The snaked truth

Most people who frequent eastern WA have heard that rattlesnakes are common in the area.  They've also likely heard or believe that a rattler is extremely dangerous, unpredictable and extremely fearsome.  We believed that too, and in nearly twenty years had never seen one in the region until August of 2017, when we witnessed two rattlesnake encounters within a couple weeks.  One was on a beach a couple miles down-river from CB, and the other was floating on some milfoil in the marina right by the boat launch.  In both cases the snakes were quickly killed, over concerns for nearby humans.

As we thought about local knowledge we wanted to outfit CB patrons with, we decided to learn about the area's rattlesnakes and share it with you.  Admittedly, we're just embarking on that, but we're in contact with some awesome snake experts in the biology department at Central Washington University.  They've been studying snakes in the CB area for years, and are a foremost authority.


Not as dangerous as their reputation

Rattlesnakes encountered by humans are often killed out of fear.  The snake in the photo above was encountered in August, 2017 by a woman reaching for a piece of driftwood on a beach just two miles down-river on the western shore.  She was probably within inches of it's hiding spot, and once startled, it's rattle could be heard several yards away.  Beachgoers were understandably unnerved, and the snake was killed, assuming someone could be bitten later if the snake were shooed off, only to return another day.

The reality is that rattlers are non-confrontational and won't seek to strike.  They shake their rattles to warn intruders, and will typically slither away if confronted.  Because of this, rattlesnake bites to humans are very infrequent.  When they do strike at humans it's usually because they are harassed, handled or stepped on, and at best they can only strike within a distance of two-thirds their body length.  This means a three foot snake (large for this area) can only strike two within two feet.  They can't jump several feet to strike, and they won't chase you down to strike you.  When bites do happen, it rarely leads to death, as the snakes don't always inject venom for a non-predatory strike.  It's a precious resource to them and they use it sparingly.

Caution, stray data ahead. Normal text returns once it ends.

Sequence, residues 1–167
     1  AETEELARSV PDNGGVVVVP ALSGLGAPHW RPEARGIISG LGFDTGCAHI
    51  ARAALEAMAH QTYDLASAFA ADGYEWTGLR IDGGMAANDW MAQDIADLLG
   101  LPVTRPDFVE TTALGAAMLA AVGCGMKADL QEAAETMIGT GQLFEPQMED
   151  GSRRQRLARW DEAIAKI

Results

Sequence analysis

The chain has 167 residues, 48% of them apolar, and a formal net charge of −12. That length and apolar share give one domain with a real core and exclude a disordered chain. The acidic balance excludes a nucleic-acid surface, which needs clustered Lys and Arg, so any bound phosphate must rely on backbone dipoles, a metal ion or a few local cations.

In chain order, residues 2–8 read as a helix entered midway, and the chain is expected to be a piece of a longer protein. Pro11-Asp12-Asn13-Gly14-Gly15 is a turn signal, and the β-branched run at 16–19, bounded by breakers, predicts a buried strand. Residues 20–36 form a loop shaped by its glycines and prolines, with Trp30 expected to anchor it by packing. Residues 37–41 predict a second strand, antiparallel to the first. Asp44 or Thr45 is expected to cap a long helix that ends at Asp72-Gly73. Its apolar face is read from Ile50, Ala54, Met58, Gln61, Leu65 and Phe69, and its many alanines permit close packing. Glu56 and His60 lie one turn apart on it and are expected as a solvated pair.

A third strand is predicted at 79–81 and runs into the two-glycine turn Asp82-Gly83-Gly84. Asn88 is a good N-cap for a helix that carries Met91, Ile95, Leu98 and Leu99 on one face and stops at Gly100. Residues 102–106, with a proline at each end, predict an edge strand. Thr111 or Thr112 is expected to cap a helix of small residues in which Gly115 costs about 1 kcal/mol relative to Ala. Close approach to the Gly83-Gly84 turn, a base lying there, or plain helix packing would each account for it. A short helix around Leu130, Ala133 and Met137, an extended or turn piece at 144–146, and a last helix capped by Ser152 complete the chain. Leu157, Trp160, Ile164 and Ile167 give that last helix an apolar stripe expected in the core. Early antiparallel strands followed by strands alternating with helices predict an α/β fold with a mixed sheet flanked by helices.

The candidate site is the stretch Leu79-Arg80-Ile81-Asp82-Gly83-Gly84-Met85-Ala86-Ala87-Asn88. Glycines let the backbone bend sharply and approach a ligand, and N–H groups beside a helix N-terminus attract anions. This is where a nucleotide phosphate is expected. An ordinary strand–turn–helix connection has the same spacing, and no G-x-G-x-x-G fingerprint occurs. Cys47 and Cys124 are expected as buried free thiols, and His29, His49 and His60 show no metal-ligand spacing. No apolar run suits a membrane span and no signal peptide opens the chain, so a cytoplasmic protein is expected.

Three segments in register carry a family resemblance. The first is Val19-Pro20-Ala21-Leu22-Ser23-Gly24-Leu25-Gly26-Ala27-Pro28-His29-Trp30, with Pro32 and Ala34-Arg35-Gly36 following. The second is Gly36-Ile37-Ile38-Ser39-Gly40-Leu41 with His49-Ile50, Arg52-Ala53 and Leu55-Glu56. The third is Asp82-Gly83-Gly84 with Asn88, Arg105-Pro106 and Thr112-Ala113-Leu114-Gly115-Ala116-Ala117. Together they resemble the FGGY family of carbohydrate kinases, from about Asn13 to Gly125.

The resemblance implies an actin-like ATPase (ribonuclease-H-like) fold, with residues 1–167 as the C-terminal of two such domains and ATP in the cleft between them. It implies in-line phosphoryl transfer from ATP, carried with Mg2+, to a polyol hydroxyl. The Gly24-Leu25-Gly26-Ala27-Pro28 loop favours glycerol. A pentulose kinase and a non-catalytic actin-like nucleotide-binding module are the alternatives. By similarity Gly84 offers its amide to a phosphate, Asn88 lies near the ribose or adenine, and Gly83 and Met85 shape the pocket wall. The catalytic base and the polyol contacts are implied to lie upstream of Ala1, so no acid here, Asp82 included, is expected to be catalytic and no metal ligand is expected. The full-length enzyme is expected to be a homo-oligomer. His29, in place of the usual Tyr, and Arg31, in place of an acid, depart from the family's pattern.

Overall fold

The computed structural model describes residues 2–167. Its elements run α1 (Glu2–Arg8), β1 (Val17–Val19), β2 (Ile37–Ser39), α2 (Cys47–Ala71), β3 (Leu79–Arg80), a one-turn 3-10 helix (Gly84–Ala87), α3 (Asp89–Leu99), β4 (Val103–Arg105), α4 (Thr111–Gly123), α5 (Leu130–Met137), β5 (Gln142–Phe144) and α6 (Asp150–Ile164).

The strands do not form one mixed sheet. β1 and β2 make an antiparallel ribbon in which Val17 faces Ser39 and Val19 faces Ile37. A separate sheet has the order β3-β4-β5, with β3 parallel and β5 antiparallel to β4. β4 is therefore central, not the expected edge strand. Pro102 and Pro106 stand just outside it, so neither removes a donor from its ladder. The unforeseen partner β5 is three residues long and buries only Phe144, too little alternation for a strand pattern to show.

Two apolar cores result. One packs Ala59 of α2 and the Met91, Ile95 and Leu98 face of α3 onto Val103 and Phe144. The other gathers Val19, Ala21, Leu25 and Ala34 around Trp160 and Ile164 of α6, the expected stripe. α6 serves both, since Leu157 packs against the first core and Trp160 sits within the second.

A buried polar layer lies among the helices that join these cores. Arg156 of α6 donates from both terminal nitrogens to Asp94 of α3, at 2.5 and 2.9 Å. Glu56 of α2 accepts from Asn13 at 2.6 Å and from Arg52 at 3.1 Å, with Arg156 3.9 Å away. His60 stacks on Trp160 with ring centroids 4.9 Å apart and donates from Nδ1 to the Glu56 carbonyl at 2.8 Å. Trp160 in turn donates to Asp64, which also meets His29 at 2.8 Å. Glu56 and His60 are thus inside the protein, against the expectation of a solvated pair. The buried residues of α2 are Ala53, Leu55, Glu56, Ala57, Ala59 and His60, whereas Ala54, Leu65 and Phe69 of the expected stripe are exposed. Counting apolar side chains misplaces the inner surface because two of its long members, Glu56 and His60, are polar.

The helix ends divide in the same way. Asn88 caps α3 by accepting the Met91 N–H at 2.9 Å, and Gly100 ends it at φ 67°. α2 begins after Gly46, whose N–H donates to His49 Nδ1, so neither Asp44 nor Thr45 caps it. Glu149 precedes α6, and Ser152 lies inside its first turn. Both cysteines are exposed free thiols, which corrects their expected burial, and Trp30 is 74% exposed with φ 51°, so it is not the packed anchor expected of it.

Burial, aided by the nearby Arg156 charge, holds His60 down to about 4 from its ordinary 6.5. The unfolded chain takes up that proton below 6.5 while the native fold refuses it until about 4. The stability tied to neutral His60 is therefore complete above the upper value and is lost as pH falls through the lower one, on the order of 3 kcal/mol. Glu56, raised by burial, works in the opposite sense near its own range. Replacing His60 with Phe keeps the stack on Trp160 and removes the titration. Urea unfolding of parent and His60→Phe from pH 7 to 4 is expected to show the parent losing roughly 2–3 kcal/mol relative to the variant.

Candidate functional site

Fortunately for us, our local species, the Northern Pacific Rattlesnake (Crotalus Oreganus) is notoriously the most docile rattlesnake in the entire United States.  Who knew?


When They're Active

In most of the Columbia basin, rattlesnakes are active from April through late September, depending on temperature.  In the early and later phases of their active season, they're active during the day, but switch to night-time activity during the hottest months.  They typically shelter under shrubs and rocks when inactive.


Please Note:  This page is still being worked on.  More info specific to human and pet interactions with snakes, and what to watch for in CB are yet to come (hopefully by Memorial Day).

Northern pacific rattlesnake links & references: